From Mohamed Bashir, originally posted November 17, 2012: What is the guideline for thrombophilia testing, how to test antithrombin (AT, antithrombin III, ATIII), protein C (PC), and protein S (PS).
Hello, Dr. Mohamed Bashir, and thank you for your question. You may find a complete review of thrombosis risk testing in our audio modules 14, 15, and 16, Laboratory Detection of Thrombosis Risk 1, 2, and 3. If you will pardon my self-promotion, you may also find this information in Marques MB, Fritsma GA. Quick Guide to Coagulation Testing 2nd Edition, AACC Press, 2009, or Fritsma GA. Thrombosis Risk Testing in Rodak BF, Fritsma GA, Keohane EM. Hematology; Clinical Principles and Applications 4th Edition, Elsevier, 2012.
Here is a brief summary:
- Thrombophilia profiles are developed locally to meet population needs, however most include AT, PC, and PS activity, activated protein C resistance (APCR), prothrombin G20120A mutation, and lupus anticoagulant (LA) testing. Some laboratory directors include anti-cardiolipin antibody (ACA), anti-beta-2-glycoprotein 1, fasting homocysteine, and coagulation factor VIII.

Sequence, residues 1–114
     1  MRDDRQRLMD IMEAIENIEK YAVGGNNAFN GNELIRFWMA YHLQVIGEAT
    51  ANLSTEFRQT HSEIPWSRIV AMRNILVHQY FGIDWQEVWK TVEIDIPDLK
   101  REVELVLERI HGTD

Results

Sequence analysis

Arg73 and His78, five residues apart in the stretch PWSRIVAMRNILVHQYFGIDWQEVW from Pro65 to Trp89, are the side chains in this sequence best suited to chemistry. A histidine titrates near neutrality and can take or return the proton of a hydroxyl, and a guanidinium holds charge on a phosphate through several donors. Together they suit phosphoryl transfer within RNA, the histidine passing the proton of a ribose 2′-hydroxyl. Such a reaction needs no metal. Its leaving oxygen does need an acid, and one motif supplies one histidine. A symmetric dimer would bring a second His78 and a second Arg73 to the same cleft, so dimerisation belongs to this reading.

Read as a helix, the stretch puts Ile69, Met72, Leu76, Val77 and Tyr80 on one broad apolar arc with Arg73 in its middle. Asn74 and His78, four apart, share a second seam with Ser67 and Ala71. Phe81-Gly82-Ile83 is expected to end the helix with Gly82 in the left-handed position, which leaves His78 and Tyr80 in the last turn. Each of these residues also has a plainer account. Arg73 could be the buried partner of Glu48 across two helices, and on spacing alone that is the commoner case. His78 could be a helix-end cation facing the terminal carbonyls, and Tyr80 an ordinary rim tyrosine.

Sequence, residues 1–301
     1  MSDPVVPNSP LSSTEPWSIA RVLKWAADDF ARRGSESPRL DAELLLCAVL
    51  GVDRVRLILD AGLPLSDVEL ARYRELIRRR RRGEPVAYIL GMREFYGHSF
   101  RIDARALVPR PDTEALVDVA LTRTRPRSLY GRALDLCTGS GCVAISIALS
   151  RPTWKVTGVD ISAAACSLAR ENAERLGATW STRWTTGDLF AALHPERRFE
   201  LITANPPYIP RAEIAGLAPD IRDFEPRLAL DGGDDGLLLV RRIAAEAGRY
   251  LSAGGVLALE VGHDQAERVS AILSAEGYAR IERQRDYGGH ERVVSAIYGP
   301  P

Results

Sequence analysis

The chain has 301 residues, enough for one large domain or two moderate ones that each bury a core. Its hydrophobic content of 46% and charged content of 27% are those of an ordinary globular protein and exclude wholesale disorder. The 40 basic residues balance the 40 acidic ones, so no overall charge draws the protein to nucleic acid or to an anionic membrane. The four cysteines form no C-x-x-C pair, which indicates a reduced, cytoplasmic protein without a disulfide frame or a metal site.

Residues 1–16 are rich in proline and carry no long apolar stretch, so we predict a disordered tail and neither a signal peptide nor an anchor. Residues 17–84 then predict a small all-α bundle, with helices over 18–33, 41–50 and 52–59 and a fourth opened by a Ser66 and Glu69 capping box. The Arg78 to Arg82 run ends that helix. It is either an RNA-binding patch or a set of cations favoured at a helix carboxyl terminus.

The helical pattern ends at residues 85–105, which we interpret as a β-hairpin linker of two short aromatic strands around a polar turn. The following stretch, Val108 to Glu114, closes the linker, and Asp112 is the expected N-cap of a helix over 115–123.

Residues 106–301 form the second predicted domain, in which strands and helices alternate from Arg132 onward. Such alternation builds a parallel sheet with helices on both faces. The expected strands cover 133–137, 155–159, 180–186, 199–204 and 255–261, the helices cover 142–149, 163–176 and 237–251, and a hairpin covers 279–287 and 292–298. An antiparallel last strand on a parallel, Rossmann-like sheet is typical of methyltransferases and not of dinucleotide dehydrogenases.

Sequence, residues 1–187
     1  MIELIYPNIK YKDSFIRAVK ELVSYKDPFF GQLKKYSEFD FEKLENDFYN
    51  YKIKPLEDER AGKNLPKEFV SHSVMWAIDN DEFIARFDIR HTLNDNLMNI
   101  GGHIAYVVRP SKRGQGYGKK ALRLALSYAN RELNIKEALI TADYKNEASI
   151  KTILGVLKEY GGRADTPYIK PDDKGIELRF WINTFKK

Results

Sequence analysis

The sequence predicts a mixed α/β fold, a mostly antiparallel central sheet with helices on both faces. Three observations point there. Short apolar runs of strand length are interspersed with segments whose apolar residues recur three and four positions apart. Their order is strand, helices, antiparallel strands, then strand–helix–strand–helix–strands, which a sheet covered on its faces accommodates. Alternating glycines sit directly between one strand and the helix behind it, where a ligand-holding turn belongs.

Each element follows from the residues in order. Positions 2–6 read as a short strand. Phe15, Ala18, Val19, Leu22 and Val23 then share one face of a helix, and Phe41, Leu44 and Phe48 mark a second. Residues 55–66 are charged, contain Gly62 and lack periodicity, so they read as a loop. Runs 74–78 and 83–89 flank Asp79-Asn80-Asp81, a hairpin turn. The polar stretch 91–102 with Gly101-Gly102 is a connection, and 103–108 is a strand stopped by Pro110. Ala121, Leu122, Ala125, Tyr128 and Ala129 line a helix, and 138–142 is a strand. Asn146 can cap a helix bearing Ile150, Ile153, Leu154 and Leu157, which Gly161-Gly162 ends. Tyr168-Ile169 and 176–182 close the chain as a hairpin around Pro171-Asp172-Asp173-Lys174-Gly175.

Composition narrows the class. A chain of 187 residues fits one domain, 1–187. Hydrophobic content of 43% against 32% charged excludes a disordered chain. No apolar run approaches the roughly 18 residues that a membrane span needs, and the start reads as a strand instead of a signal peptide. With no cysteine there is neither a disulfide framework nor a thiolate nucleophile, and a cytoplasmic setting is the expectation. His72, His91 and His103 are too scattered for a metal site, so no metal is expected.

- If the patient has experienced a recent thrombotic event or is currently receiving Coumadin, the tests that remain reliable are the factor V Leiden (FVL) mutation, which substitutes for the APCR, prothrombin G20210A, ACA, anti-beta-2-glycoprotein 1, and fasting homocysteine. The AT, PC, PS, APCR, and LA are reliable only when the subject is not receiving Coumadin and has not had a recent thrombotic event.
- Owing to the false positive rates of most assays, laboratory directors avoid screening healthy individuals. Thrombophilia profiles are chosen for patients who have experienced an unprovoked thrombotic event, an event in an unusual location or before age 60, or who have first-degree relatives with presumed thrombotic risk factors. A positive APCR ratio is confirmed using the FVL mutation, and low AT, PC, or PS values are repeated after 12 weeks for confirmation. Low AT, PC, and PS activity assays are then followed up using AT, PC, and PS antigen assays to distinguish qualitative from quantitative deficiencies.
I hope this is helpful. and I encourage your response in our comments section as well as comments from others whose perspectives on thrombophilia profiles may differ from these.
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